And she then asked me if there was any possibility that I was channeling my hurt feelings into anger because that was the model I had grown up with as a child. She drew the diagram pictured here and she explained that emotions don’t last forever. That is one of the reasons why we are taught distress tolerance in DBT — to give ourselves time to let the feelings dissipate on their own. But she said that when we don’t give them enough time to do that we will often “jump off” (see arrow in diagram). She said that the jumping off can be into anger or self-harming behavior, or even something like gambling or on-line shopping. It is a way to “discharge” the feeling because we can not tolerate its intensity.

This really resonated with me and I spent most of the next week thinking about it. I had been talking to her about the way my father used to get so angry at me and lash out, and actually physically hit me, and how I felt every time it happened: stunned (because I quite often didn’t see it coming, it felt like it came out of nowhere), helpless because I couldn’t defend myself and my mother never intervened to stop it from occurring in the first place, and hopeless because I was too small and powerless in the face of his fury to defend myself.

She then asked me, “What does hurt need?” Again, I didn’t know what to say. “Justice,” was the only answer I could utter. “What about comfort? She asked me.
“Oh, comfort”, I replied. I have very little compassion for myself but TONS of it for others.

So, she challenged me to stay with those feelings of hurt and find a way to “talk” to the little girl inside of me and offer her words of comfort. She even gave me a few phrases I could use such as, “You were just a little girl and didn’t deserve to be hit by him” or “Of course it hurt you when he hit you. Here is a soft hug to wrap yourself in.”

I spent some time that week trying to do that for my inner child. I recalled the seminal work by John Bradshaw in the early 1990s on how to heal your inner child. At first it was extremely difficult to have this inner dialogue with my younger self but the more I practiced it, the easier it got. I found that by the end of the week, I had learned the language needed to soothe her and I felt a big shift in my anger as it began to decrease.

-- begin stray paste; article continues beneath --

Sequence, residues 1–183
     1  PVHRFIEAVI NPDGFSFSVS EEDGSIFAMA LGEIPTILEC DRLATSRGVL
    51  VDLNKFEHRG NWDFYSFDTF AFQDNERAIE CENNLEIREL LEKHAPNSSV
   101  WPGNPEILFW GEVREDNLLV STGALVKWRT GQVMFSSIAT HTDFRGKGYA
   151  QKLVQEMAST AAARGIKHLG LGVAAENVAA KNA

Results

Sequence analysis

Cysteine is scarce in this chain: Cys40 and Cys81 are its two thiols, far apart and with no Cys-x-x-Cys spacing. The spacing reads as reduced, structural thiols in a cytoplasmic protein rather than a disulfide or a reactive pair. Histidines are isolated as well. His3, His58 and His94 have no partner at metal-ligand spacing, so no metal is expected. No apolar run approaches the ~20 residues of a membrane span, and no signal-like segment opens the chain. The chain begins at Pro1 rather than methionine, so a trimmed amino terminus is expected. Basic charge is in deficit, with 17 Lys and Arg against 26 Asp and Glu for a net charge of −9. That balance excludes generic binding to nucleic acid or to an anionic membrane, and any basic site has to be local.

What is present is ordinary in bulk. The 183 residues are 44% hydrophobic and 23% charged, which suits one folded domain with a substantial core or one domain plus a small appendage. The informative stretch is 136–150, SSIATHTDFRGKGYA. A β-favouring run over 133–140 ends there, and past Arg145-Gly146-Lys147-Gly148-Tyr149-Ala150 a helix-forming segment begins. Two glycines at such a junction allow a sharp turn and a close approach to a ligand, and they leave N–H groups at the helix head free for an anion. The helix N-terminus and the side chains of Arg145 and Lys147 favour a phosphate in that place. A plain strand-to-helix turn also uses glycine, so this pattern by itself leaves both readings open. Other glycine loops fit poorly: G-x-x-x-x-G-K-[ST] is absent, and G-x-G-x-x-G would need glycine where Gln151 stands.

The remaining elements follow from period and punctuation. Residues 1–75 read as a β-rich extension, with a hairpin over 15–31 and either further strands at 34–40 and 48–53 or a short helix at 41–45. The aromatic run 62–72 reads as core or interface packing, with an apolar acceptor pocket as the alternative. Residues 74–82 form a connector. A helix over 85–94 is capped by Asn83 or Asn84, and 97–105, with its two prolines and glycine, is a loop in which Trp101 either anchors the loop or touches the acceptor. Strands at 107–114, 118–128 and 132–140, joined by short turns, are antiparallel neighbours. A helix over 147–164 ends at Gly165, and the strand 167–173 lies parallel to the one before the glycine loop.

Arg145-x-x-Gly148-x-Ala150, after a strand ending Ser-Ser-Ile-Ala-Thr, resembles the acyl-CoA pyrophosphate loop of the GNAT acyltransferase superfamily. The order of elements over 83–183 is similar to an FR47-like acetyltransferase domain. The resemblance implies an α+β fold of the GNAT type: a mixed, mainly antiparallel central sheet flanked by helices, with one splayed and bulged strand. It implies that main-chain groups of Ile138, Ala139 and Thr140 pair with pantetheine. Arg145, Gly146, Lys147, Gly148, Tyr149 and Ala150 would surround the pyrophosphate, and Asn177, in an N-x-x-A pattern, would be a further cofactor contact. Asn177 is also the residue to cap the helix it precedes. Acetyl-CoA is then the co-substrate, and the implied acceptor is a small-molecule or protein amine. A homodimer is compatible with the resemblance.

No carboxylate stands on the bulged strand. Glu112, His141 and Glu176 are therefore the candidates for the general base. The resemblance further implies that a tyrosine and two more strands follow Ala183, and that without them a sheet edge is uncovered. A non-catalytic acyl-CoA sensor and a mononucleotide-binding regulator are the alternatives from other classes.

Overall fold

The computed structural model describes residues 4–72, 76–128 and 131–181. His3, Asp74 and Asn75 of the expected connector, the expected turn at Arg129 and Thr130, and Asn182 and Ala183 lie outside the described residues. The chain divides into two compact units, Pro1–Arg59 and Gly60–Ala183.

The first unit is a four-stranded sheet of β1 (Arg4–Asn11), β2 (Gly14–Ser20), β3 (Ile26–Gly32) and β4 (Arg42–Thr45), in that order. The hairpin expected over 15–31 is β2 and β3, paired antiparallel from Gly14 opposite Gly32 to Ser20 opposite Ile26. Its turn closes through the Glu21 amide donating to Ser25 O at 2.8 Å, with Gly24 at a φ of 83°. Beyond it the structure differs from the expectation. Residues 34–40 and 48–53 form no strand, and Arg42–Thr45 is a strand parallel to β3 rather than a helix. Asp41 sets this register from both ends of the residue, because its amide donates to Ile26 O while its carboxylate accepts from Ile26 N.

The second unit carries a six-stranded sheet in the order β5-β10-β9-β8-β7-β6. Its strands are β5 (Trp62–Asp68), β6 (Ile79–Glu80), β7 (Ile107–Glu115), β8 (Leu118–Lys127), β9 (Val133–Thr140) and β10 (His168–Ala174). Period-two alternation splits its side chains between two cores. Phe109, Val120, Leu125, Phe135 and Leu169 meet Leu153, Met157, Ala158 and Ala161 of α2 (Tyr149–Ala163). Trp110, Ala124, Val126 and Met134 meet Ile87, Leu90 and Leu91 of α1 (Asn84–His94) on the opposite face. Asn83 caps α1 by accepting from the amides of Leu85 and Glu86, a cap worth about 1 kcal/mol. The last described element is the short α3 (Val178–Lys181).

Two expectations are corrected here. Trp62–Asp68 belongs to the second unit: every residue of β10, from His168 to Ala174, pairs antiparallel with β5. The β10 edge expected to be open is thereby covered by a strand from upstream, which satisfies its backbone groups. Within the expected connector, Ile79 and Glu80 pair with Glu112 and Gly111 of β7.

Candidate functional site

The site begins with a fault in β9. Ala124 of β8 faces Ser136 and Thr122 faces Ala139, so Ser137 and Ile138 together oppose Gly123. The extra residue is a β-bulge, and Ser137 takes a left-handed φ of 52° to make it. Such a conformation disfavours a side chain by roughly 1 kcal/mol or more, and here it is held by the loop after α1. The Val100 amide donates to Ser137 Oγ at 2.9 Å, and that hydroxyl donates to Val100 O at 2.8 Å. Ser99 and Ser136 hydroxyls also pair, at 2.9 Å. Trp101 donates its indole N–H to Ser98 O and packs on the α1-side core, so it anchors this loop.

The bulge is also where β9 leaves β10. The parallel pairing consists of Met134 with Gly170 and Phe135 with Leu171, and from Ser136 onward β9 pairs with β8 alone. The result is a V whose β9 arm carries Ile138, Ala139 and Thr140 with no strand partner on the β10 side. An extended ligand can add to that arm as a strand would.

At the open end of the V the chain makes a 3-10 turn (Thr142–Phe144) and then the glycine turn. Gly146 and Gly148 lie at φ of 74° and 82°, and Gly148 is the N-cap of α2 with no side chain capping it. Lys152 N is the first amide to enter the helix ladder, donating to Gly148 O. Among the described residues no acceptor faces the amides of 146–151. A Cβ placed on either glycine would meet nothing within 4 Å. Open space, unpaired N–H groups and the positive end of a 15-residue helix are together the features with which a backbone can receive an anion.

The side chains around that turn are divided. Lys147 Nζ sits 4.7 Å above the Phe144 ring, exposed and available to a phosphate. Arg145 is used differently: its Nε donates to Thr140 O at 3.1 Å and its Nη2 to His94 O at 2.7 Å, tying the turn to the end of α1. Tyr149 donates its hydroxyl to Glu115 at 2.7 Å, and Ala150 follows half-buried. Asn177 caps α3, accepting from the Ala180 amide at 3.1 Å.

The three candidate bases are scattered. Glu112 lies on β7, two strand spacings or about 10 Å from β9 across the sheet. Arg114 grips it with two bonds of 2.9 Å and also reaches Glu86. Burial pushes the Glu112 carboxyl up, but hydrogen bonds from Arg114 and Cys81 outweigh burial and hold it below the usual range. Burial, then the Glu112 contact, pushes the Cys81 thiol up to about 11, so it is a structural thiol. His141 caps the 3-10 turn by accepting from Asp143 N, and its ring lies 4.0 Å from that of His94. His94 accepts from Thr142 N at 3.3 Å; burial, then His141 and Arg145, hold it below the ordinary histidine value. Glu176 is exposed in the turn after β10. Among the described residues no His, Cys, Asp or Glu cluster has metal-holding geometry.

This is part of the DBT module called “Emotion Regulation”. I needed this lesson perhaps more than any of the others I had in any of my previous my DBT classes. This conversation was particularly important in terms of helping me come to terms with the recent breakup with my partner of almost four years. I had been experiencing utter rage towards him. Learning this and putting it into practice helped me move on into being able to really practice Radical Acceptance, something I had been attempting to do and which I thought I was doing successfully. I would be okay for a little while until I would have another memory and then I would “jump off” into rageful vengeance again and be right back at square one. Learning how to sit with my hurt and wounded child and comfort her instead of railing at the world in impotent rage helped me enormously and helped me finally be able to move past the breakup of my relationship.


Dee Chan is a long-term BPD survivor who has learned how to cope with her illness and thrive with it.

To check out all of Dee’s guest posts on MHT, click here.